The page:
The BC SPCA works to protect and enhance the quality of life for both wild and farmed animals. We may think wild and farmed animals have little in common, but they face many similar welfare issues and are connected in a variety of ways.
You may be surprised to learn that wild animals are also intensively farmed for products such as their fur, skin, and meat. These animals face many of the same issues as farmed animals such as being raised in small, barren, cramped conditions. Many farmed animals, like sheep and cows, have been domesticated for thousands of years, meaning they are better adapted to being cared for by humans. However, wild animals on farms retain all their natural instincts and needs, making life on a farm even more distressing.
For example, hundreds of thousands of wild animals are farmed for their fur each year in Canada, including mink and fox. Even after generations of captive breeding, these animals are still averse to humans and distressed by the lack of space. Thankfully, the B.C. government announced a phase-out of mink farming in response to growing public safety concerns during the COVID-19 pandemic.
Unfortunately, it is still legal to farm other wild animals like chinchilla, fisher, marten, and nutria in the province, and there are no prohibitions on mink farming in other Canadian provinces.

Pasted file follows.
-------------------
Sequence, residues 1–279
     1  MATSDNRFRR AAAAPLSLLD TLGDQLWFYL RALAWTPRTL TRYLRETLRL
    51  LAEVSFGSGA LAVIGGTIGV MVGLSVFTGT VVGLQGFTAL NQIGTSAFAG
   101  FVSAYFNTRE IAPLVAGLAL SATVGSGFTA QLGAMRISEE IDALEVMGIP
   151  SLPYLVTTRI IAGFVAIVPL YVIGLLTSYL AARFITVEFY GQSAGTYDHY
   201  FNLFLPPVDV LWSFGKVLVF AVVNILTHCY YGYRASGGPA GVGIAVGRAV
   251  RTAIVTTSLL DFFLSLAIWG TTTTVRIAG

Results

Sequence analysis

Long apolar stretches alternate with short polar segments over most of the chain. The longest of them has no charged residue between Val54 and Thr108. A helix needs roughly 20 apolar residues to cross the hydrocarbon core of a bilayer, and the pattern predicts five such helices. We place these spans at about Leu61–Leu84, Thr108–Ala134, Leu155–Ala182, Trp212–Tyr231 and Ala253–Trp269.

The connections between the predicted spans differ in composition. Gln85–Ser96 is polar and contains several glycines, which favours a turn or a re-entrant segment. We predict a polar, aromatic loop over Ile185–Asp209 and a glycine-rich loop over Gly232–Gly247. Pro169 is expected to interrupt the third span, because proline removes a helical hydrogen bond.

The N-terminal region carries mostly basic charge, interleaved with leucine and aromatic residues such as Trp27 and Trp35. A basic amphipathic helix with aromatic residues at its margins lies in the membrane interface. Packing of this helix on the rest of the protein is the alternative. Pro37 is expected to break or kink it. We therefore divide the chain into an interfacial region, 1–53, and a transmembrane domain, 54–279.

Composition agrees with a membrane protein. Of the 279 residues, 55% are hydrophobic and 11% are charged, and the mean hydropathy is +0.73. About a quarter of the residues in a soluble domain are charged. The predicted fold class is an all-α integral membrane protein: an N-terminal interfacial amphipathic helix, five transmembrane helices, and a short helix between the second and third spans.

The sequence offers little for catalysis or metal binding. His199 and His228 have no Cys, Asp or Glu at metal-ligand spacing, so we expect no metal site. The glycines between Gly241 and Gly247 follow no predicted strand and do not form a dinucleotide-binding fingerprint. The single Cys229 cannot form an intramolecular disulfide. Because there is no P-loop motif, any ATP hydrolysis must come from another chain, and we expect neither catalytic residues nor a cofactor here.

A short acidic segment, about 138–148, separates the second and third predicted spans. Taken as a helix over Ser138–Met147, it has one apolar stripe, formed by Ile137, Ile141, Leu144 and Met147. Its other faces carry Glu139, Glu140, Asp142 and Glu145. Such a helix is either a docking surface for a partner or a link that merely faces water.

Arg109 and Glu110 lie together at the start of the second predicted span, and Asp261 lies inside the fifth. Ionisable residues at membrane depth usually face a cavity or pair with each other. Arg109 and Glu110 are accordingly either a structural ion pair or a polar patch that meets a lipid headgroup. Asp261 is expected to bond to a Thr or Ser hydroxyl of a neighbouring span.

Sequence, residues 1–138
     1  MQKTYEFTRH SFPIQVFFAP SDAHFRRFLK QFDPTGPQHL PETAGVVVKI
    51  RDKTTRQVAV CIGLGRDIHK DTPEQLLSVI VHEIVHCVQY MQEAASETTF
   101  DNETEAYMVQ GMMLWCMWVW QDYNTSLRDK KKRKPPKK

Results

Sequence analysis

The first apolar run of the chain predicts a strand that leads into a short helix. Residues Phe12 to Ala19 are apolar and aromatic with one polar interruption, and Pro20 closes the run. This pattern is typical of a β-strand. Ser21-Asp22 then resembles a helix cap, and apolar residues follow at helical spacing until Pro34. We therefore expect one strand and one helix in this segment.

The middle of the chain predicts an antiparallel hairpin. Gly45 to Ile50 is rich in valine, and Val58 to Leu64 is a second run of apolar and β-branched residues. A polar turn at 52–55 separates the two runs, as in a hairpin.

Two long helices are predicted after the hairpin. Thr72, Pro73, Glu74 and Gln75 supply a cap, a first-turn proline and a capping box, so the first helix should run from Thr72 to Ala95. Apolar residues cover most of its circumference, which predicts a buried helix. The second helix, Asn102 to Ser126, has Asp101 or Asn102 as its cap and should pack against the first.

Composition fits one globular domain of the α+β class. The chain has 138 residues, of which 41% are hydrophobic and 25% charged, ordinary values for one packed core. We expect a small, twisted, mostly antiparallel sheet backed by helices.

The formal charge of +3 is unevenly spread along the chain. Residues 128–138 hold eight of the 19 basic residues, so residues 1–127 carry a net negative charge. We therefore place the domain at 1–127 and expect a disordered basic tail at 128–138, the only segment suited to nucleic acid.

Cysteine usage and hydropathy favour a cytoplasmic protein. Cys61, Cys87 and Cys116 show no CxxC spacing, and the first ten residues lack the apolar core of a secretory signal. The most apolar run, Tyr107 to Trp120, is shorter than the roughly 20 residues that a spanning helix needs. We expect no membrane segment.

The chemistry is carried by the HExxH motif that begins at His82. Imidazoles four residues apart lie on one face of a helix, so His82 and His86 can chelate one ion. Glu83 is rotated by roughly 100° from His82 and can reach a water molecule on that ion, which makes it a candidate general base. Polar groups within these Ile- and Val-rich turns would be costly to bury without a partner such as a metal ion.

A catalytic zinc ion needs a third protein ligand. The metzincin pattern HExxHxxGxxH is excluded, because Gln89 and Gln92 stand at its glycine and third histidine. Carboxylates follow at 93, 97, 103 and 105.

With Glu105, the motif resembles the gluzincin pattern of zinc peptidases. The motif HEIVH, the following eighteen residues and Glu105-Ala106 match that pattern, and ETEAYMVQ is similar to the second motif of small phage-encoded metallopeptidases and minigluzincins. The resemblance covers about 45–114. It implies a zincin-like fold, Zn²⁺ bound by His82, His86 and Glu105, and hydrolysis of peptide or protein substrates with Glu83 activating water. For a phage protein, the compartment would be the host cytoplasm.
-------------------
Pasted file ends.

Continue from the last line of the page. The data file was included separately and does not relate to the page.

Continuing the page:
For many people, fireworks are a fun and exciting experience – but for animals, fireworks can be extremely frightening. Many pet paw-rents will know this feeling all too well, but we may forget to think about farmed and wild animals. Frightened cows, horses and other animals can easily trample through their enclosures and fences in their panicked state, risking serious injury.
Fireworks also frighten, disorient and disturb wild animals big or small – from sparrows to sea lions. When scared from dens and roosting sites, wild animals can run into busy streets or fly into buildings. This often has fatal results. Fireworks can also interrupt their natural feeding and breeding behaviours and even cause them to abandon their young.
Learn more about how to keep animals safe from fireworks.
Loss of habitat
Land that is cleared for raising farmed animals or growing animal feed impacts the ecosystems that wild animals call home. Wild animals may die during land clearing or be displaced from their habitat.
Farmed and wild animals may also find themselves co-existing, as many farmers use natural land for pasture, or woodlands and wetlands, to raise their animals outdoors. When managed well, this can be a good way to protect biodiversity.
Crops don’t just feed people – many agricultural products like corn and soy go towards making food for farmed animals. This often involves the widespread use of pesticides, which can harm wild plants, non-target insects and animals.
Mice and rats can be attracted to crops and animal feed, and for a long time, rodenticide poisions were considered the default solution. Rodenticides cause a slow, painful death for poisoned rodents. They are also dangerous for animals like owls, eagles, raccoons, cougars and even cats and dogs, who might eat poisoned rodents. Starting in January 2023, B.C. made permanent restrictions on rodenticides, while promoting more effective and humane methods of rodent control.